After appearing to have turned down an invitation to play in the 2011 Copa America this summer due to the recent earthquake and resulting tsunami, the Japanese Football Association have decided the daihyo will travel to Argentina and compete.

Replacing the United States, who contested the 2007 edition, Japan will be looking to continue the dominant displays that earned the side plaudits at the World Cup in South Africa followed by the Asian Cup itself earlier this year in Qatar. And the Blue Samurai have a burgeoning reputation as an emerging force in world football to defend against opponents of real quality.


Over in South America, Brazil holds the highest population of Japanese outside Japan due to a series of bilateral agreements in the early part of the 20th century. Indeed, Japan has always been seen as somewhat of a little brother in the eyes of their five-time World Cup-winning counterparts, even if it has been the football association of the host country – Argentina – which has been coaxing the Asian nation to join the Copa America party.

Along with hosts Argentina, Japan have been grouped with relative minnows Bolivia and possible surprise-packet Colombia, in what promises to be a competitive battle. Argentina may be favourites to qualify at the head of the group, but second spot should be wide open. Bolivia can be expected to fold under pressure from Colombia and Japan, but the battle between the two latter countries could go to the wire. However, it should not be overlooked that the last time the Blue Samurai met La Albiceleste, Japan ran out 1-0 winners in Saitama thanks to a Shinji Okazaki goal and some determined defending.

There is though a catch to Japan’s involvement. The Japanese Football Association (JFA) are unwilling to release players from their domestic J.League commitments, as the season itself lags well behind due to the earthquake and tsunami. With such a major national disaster on their doorstep, Japanese footballers have been out in full force trying to rally support for their home country, and a recent charity match held in Osaka between the national team and a select J.League eleven, coached by Nagoya’s Dragan Stojkovic, saw people swarm in their thousands to help their nation in need; the national side may have come out on top, but the real winner was Japan, with even the old great Kazuyoshi “King Kazu” Miura taking to the pitch at the ripe age of 42.  It was even slated that Stojkovic himself would showcase his skills, but the Serbian legend remained in the dugout for the duration of the game.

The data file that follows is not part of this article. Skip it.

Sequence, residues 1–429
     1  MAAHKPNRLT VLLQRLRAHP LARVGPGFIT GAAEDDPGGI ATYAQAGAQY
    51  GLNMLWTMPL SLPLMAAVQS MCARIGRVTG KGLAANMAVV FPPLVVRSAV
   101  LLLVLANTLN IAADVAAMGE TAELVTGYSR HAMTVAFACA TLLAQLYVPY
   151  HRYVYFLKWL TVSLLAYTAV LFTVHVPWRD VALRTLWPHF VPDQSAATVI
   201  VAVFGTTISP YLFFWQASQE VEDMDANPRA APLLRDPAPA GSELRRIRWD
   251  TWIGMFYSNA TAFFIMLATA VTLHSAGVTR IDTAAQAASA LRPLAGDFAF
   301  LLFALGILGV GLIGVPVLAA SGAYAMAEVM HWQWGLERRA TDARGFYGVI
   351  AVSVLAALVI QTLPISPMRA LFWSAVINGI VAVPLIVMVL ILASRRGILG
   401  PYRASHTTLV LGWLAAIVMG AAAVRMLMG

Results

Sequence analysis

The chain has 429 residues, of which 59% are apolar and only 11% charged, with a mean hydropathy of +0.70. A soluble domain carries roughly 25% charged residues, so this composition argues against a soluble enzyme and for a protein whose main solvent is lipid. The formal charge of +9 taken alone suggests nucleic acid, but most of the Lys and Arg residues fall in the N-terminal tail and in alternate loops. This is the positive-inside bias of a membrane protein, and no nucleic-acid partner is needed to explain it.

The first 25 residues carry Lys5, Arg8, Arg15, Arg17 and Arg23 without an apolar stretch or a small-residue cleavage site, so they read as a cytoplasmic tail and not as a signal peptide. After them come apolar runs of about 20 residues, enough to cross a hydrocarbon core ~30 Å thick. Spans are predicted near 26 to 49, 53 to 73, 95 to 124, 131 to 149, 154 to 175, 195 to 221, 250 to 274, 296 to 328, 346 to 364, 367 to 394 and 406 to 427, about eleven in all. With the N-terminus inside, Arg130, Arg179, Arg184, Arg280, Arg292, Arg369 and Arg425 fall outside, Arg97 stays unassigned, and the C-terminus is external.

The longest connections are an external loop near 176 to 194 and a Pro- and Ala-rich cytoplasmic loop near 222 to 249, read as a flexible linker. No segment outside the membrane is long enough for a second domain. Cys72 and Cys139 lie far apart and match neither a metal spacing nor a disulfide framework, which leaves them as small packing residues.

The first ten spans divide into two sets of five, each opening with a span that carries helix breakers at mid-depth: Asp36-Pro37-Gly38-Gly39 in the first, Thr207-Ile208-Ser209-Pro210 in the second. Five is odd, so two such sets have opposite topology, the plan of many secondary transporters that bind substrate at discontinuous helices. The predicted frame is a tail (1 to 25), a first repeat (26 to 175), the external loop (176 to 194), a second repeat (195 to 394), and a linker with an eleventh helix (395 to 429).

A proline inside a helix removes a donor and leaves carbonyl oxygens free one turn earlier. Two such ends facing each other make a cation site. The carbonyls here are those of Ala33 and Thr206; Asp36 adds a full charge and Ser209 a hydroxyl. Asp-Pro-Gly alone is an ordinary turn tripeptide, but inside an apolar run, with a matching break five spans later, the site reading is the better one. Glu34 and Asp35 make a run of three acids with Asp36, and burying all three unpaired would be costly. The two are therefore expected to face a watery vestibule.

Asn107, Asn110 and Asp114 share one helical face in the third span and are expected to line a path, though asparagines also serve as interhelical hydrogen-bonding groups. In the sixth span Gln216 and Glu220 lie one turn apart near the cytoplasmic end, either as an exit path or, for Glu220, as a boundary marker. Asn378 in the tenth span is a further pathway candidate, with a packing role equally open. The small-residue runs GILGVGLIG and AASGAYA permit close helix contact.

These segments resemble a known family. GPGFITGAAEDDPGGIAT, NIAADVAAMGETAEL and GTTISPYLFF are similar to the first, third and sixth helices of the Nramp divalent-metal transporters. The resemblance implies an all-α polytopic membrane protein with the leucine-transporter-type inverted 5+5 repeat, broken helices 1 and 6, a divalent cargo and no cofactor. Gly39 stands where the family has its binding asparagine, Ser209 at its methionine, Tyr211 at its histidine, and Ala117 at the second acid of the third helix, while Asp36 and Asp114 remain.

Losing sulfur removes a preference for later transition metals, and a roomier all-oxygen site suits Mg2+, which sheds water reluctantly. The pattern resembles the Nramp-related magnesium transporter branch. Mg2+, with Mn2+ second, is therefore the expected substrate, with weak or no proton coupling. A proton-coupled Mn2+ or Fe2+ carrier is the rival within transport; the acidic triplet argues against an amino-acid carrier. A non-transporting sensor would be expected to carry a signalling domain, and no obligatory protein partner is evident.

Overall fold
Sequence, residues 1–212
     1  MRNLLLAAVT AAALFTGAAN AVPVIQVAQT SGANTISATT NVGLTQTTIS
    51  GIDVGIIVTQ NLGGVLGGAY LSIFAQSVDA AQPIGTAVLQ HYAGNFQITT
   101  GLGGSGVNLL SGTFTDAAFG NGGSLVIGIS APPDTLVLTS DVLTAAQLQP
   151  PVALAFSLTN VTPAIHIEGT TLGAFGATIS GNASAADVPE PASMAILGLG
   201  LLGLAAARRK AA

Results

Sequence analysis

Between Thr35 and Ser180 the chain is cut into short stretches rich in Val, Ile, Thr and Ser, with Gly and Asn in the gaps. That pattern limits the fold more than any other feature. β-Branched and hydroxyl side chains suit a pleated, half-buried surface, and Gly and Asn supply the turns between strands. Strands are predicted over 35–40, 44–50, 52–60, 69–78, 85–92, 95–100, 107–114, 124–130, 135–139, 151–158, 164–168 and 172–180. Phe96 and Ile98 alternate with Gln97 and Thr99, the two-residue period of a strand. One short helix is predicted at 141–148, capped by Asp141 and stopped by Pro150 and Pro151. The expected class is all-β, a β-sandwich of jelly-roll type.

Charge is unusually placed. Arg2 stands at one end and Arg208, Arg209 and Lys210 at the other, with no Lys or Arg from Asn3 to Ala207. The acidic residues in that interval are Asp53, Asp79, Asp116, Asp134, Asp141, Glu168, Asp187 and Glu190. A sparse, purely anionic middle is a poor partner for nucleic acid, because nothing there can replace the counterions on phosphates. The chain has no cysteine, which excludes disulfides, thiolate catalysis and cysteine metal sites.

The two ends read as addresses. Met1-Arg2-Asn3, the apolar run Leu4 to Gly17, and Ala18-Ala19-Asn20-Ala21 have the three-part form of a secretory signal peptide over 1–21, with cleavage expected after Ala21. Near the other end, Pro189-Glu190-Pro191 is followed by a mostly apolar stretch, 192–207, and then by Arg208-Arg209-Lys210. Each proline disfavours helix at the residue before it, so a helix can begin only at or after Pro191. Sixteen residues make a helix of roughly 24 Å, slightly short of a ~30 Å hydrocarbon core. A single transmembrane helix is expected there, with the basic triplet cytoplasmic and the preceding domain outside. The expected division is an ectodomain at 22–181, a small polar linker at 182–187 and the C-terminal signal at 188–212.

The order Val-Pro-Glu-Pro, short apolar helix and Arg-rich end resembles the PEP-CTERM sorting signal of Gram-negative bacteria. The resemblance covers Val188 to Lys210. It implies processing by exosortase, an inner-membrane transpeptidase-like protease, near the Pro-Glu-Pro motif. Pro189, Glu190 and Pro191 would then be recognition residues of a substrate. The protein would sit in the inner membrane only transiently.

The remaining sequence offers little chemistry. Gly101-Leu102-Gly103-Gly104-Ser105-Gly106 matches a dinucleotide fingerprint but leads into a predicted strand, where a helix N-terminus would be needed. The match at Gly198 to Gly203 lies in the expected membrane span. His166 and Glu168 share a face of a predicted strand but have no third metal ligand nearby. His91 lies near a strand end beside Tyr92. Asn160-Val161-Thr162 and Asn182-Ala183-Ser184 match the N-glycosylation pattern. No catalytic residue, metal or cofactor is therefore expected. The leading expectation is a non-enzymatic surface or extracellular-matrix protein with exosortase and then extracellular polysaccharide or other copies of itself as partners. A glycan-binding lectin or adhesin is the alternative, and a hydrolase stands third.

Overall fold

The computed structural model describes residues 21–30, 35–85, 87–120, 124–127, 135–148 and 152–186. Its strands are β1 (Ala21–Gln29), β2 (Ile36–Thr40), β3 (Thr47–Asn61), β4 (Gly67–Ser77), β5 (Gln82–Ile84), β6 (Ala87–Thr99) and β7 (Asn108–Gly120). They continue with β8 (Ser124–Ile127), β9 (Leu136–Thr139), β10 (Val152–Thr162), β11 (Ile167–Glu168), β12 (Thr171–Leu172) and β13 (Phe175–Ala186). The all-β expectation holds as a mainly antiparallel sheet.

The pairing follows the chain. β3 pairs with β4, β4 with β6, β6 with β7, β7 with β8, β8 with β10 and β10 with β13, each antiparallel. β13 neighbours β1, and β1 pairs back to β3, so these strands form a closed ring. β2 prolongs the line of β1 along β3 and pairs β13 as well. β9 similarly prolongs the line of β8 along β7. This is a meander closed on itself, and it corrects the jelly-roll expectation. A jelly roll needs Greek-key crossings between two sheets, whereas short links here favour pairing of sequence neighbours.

Now, with the Copa America looming, it is time for Japan coach Alberto Zaccheroni to hand an opportunity to more of his foreign-based players. With a chunk of the squad playing in Europe, it should put the Italian at ease that he has enough depth to call upon if he cannot pick any of the country’s domestic-based stars. The likes of Takayuki Morimoto of Catania and Michihiro Yasuda of Vitesse Arnhem were overlooked during the Asian Cup, and the pair should see some minutes on the pitch in Argentina.

However, with much of Japan’s central defence based at home (Tulio Tanaka, Yasuyuki Konno, Daiki Iwamasa and Yuji Nakazawa) it will be intriguing to see how relaxed the regulations imposed will be with regard to releasing at least two of these players, especially given that there are only two recognised centre backs in Europe, in the form of Maya Yoshida (VVV-Venlo) and Tomoaki Makino (1.FC Koln).

In Argentina, much more will hinge on the defensive side of Japan’s game than the attacking dimension, as South American teams should have more than enough about them to trouble the Blue Samurai’s backline – even if it was at full strength.

With the countdown to the 2011 Copa America already beginning, Japanese football fans have something to look forward to and, in a time of national tragedy and crisis, the opportunity to cheer on their national team in Argentina come July will be more than welcome.